Background: Anorexia nervosa (AN) is a disease resulting in extreme weight loss. It is caused by multiple factors, including psychosocial, environmental, and genetic factors. A genetic abnormality affecting lipid metabolism has been recently reported in patients with AN. However, it is unknown whether lipid metabolism abnormalities in AN are caused by eating behavior, undernutrition, and/or genetic factors. The meaning of lipid metabolism in AN remains unclear. In particular, differences in the profiles of very long-chain fatty acids (VLCFAs) in patients with various types of AN have not been studied. This study aimed to determine changes to the fatty acid profile over a 3-month period, specifically that of long-chain fatty acids (LCFAs) and VLCFAs in patients with various types of AN.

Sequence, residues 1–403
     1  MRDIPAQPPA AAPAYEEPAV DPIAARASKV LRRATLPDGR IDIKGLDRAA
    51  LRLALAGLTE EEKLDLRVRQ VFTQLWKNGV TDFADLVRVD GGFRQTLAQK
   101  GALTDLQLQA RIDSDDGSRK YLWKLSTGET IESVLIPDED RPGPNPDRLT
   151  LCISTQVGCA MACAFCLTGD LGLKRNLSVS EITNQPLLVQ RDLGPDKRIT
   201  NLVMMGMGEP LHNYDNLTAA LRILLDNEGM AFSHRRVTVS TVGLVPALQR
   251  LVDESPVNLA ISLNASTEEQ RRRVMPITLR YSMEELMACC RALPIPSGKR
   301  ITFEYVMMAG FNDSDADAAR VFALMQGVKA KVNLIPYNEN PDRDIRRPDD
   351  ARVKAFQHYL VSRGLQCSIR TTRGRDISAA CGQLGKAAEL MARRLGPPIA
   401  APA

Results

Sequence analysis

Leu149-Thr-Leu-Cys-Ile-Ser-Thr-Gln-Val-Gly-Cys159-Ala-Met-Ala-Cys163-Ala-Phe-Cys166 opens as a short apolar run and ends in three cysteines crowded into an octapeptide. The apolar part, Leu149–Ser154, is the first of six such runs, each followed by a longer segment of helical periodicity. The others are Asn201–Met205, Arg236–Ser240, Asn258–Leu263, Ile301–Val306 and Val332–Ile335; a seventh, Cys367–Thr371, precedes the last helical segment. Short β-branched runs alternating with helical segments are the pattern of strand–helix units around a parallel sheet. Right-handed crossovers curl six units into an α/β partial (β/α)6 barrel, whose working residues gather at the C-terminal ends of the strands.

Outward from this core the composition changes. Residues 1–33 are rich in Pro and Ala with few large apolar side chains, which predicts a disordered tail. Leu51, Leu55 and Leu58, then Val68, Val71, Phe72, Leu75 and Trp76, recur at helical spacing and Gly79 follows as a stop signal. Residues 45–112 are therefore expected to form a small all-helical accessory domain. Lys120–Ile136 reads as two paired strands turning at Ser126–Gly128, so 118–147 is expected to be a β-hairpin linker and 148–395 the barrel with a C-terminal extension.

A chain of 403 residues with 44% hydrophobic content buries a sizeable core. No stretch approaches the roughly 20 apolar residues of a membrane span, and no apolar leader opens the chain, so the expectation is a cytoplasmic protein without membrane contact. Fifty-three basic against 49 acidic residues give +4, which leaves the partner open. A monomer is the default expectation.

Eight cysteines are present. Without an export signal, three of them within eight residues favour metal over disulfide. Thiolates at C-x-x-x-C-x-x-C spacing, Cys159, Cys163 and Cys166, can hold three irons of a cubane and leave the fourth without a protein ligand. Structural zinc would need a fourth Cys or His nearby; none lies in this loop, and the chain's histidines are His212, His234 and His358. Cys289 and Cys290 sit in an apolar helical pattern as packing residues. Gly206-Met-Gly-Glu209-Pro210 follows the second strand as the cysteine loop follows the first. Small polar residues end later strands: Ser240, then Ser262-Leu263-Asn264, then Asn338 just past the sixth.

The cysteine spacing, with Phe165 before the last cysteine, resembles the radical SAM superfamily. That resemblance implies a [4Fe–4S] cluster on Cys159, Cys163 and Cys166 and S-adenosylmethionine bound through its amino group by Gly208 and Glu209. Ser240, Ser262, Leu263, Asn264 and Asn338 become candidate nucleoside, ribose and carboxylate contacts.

Methods: We evaluated 69 female patients with AN, subclassified as AN-restricting type (AN-R) and AN-Binge-Eating/Purging type (AN-BP). On admission and after 3 months of treatment, height, weight, body mass index, plasma and serum parameters, and plasma fatty acid concentrations were measured in all patients. The control group included 25 healthy, age-matched women. Comparisons between the groups were made using one-way ANOVA, while those between the various parameters at admission and after 3 months within each group were made using the Wilcoxon signed rank test.
Results: On admission, the AN-R and the AN-BP groups had significantly higher levels of 18-24C and > 14C fatty acids (LCFAs and VLCFAs, respectively) than the control group. After 3 months of treatment, both groups showed high levels of 14-24C fatty acids. The levels of VLCFAs (C22:0 and C24:0) and LCFA (C18:3) after 3 months of treatment remained high in both AN groups relative to the control group.
Conclusions: Eating behaviors appear to be associated with levels of LCFAs. Lipid metabolism abnormalities under conditions of starvation in AN might have a genetic basis and appear to be associated with VLCFA (C22:0 and C24:0) and LCFA (C18:3) levels.